This looks incredible! Donate here!
* Of course it depends on what universe of zombies, but, in general, this dude totally nails it XD
One of the clearest themes in horror, and other genres besides, is pointing out human cruelty. The desire to stay alive in a zombie apocalypse leads some people to sacrifice others so they can live (usually rich and rude jerks we don’t care about living anyway). One of my favourite Twilight Zone episodes is The Shelter, where people do ask ‘Why should your family live while mine dies?’
In Zombies, Vampires and Philosophy, Leah Murray refers to Thomas Hobbes claim that life in a “state of nature”, without government or authority, is “solitary, poor, nasty, brutish and short” . Murray extends this to the zombie apocalypse, looking at Romero’s Dead series. In thinking about recent battlegrounds, you could go further and apply this to jerks on the inernet – with anonymity and seeming no authority or law, people are free to call you whatever negative terms they can think of (although I do think ‘baddie’ is a stupid term).
Hiding away food, weapons, information is fairly common – especially outside of horror. But there are other examples of human cruelty that is not against each other. Cruelty against weak/helpless zombies is common, usually red necks picking them off, blowing them up, stringing them up and using them as target practise. Admittedly, this could just be a reflection of what could be our cruelty to each other if we had anarchy.
There’s nothing in the world I love like a person who likes and is kind to animals, especially my cat. There are quite a few heroes in the zombpocalypse who still look after animals and share meager stores with them (non-zombiepocalypses too!). Human cruelty is seen in so many ways and with varying levels of severity. Some see horse jumping as cruelty. Dog fights are definitely cruel. I forget where it’s from, whether academic or fiction, but I remember a saying that our civilisations worth is based upon how we treat our smallest, our weakest.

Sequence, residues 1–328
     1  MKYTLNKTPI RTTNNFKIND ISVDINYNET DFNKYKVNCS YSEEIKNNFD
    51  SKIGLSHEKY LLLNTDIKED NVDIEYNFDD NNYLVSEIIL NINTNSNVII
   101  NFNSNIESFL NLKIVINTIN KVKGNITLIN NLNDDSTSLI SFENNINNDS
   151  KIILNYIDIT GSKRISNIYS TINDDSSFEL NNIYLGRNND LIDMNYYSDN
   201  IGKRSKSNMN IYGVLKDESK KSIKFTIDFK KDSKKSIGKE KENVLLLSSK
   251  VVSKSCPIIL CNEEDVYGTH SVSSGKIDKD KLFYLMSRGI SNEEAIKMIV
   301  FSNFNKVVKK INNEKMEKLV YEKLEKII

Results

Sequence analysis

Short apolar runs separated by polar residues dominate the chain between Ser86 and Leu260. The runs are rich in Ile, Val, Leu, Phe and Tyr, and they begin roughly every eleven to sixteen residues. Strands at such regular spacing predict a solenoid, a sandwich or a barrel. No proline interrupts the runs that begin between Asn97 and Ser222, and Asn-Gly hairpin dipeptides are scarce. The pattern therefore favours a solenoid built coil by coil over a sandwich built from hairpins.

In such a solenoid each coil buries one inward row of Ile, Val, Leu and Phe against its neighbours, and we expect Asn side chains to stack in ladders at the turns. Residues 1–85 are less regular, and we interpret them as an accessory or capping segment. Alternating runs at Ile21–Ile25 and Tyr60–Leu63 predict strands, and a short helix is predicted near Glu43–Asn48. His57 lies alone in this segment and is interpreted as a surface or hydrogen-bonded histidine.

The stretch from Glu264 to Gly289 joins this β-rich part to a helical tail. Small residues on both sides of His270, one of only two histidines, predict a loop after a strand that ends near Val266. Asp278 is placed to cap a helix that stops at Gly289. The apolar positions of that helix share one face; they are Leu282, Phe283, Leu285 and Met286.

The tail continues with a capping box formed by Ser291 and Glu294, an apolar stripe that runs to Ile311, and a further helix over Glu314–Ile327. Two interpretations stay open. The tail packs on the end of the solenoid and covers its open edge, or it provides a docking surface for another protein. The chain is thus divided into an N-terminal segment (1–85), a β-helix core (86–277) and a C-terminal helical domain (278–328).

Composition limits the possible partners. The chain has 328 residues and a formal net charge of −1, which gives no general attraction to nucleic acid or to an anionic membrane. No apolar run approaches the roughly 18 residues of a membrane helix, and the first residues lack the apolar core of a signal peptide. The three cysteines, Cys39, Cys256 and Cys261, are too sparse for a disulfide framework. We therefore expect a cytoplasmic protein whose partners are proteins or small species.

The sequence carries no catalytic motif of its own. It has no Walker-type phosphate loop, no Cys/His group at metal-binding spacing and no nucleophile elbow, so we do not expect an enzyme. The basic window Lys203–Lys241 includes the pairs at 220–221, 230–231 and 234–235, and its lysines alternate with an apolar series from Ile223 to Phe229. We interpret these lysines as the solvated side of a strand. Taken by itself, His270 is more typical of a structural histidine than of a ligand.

Despite all the various undead from myths around the world of physical beings rising from the grave, it’s generally accepted that it is from the Haitian Voodoo that we developed our media monster of the zombie. Zombie fiction is often defined as post-colonial – “a term for a collection of … strategies used to examine the culture of former colonies of the European empires and their relation to the rest of the world … [and] share many assumptions: they question the salutary effects of the empire … and raise such issues as racism and exploitation” (Encyclopedia of Contemporary Literary Theory: Approaches, Scholars, Terms By Irene Rima Makaryk).
In particularly the older zombie movies based around Voodoo, the natives are seen as superstitious to the extreme (which the white characters of the film dismiss as primitive) and are entirely unable to help themselves from the threat without outside (white) help. Just having watched Zombi 2 (Aka Zombie, and a billion other names) by Fulci, this Italian movie from the 70s replays that same role. Abhorrent as it is to us now, some of the actors in these early films were in black-face makeup. White Zombie is one of them, a story about a zombie master using black zombies as slaves in his mill, the threat of which is to frighten and control the population, but it all changes when he concocts a zombie potion for a white woman for a man who is not her to-be-husband to take over her. When the man no longer desires her without the sparkle and life in her eyes, the zombie master takes her for himself.